Photo courtesy of oneislandtwonations

It was July 25, 1983 – that fateful day, which altered the trajectory of my life forever.

Growing up in Colombo, we had come to accept the sad fact that ethnic conflicts will occur whenever politicians fanned the flame of hatred toward minorities to deflect responsibility for their corruption and poor governance. The minorities were convenient scapegoats for all the ills of the country.

Since our home was located in a bucolic neighborhood of Colombo, on a beautiful tree lined street in the midst of upper middle class professionals, we mistakenly believed we were safe from the mob and hooligans who periodically went on the rampage burning pillaging and raping minorities living in less advantaged localities

I was living with my parents in July 1983, with two young children. We were about to sit down to lunch when we received several calls to say that there was a commotion in certain parts of Colombo and we were asked not to leave the house. We soon learned that the mob had been unleashed in the city to attack Tamil home and shops, setting fire to vehicles and homes. We saw black smoke billowing from homes set on fire, helicopters flying overhead and the telephone lines were jammed; we began to panic. Our house was down a long driveway and we knew that there was no escape route if the mob came to our home. One option was to jump over a tall concrete wall on to our neighbor’s garden but we knew my elderly mother could not do it.

Suddenly our domestic help screamed, “They have come, run and hide.” I grabbed my kids, my sister gathered my mother and rest of the staff and we ran into the closest bathroom and locked the door. We were the only Tamils on that street. They had found us, our name and address was on a list in the hands of the mob. My mother was quietly sobbing; I was trembling from head to toe and prayed that whatever they did to us let it be quick and painless. We had heard from past events that typically the mob would siphon petrol from the car in the garage, set fire to the car and then douse gasoline on the house and set it aflame. We were paralyzed with fear, waiting to hear the car go up in flames. My sister suggested she meets the mob at the front door and pretend she is Sinhalese and that the Tamil family that lived in that house had vacated. She spoke fluent Sinhalese and felt she should at least give it a shot. I refused to let her confront the mob alone, so we held hands and walked down the hallway to the front door. My knees were wobbling; I felt faint but was resolute. We stood waiting for the mob to appear, for what appeared to be an eternity, when the young woman who announced the arrival of the mob came running down the driveway to say that the mob had gone away.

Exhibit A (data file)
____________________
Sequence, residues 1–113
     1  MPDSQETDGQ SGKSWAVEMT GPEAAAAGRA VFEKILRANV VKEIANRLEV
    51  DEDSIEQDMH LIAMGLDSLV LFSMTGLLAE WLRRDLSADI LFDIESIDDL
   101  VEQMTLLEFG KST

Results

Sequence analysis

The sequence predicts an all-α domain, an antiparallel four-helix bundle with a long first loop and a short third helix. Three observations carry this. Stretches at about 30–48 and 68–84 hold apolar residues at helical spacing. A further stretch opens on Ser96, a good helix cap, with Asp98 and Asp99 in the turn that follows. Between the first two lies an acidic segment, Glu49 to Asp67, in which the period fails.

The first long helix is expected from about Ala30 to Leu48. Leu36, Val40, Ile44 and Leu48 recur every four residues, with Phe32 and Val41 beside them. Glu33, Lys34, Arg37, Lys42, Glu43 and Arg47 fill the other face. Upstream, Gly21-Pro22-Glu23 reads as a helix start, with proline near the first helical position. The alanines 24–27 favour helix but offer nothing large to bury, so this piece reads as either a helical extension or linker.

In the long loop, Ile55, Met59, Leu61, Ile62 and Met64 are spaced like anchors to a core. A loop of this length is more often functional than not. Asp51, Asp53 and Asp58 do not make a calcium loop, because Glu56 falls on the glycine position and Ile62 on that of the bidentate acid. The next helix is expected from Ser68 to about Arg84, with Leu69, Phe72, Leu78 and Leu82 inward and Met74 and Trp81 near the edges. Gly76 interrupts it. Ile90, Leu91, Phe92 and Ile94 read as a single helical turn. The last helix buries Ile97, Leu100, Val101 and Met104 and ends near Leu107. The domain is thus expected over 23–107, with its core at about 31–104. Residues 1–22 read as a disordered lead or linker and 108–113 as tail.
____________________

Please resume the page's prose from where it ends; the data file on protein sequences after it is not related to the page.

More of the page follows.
Our Sinhalese neighbors and friends saved us. They met the mob, convinced them that the house was empty, that the Tamil family had moved. They proceeded to persuade them to leave by giving in to their demands, namely, cash and liquor. Thereafter, our neighbors arranged for someone to stay the night with us, provided us with groceries since traders were afraid to serve Tamil customers and helped us house and protect many other families we took in during that period.

On full display were hatred, violence and bigotry while also showcasing the essence of human kindness, selfless generosity and genuine friendship. The villains were, and are, the politicians who pit one ethnic group against another to divert attention from their corrupt governance and unbridled quest for power.

It was with a very heavy heart that I turned my back on the country of my birth, the country I wanted to give back to, that I returned to, to use my expertise to educate and enlighten a younger generation. I was filled with survivor guilt on many counts. My family was saved, many others perished. My family had options; we planned our exodus, while others were trapped to face an uncertain future. We were jumping ship, leaving behind the elderly, those who had held us and nurtured us, those who had no place to go. My grandmother could not make eye contact with me when I said goodbye. We were leaving those who saved us, those who we could have helped and support, as they grew old and feeble.

Several years later, while in New York,  I called one neighbor who had been instrumental in dispersing the mob as he lay in his hospital bed in Colombo, at the end of his life. I told him I was sorry we were not physically there with him at that time, I told him how grateful we were for his friendship and begged him to understand why we had to leave. He said nothing and that said everything to me. He never got over his sadness in seeing us leave. This was the depth of friendship between the races; we were one until we were brutally torn apart.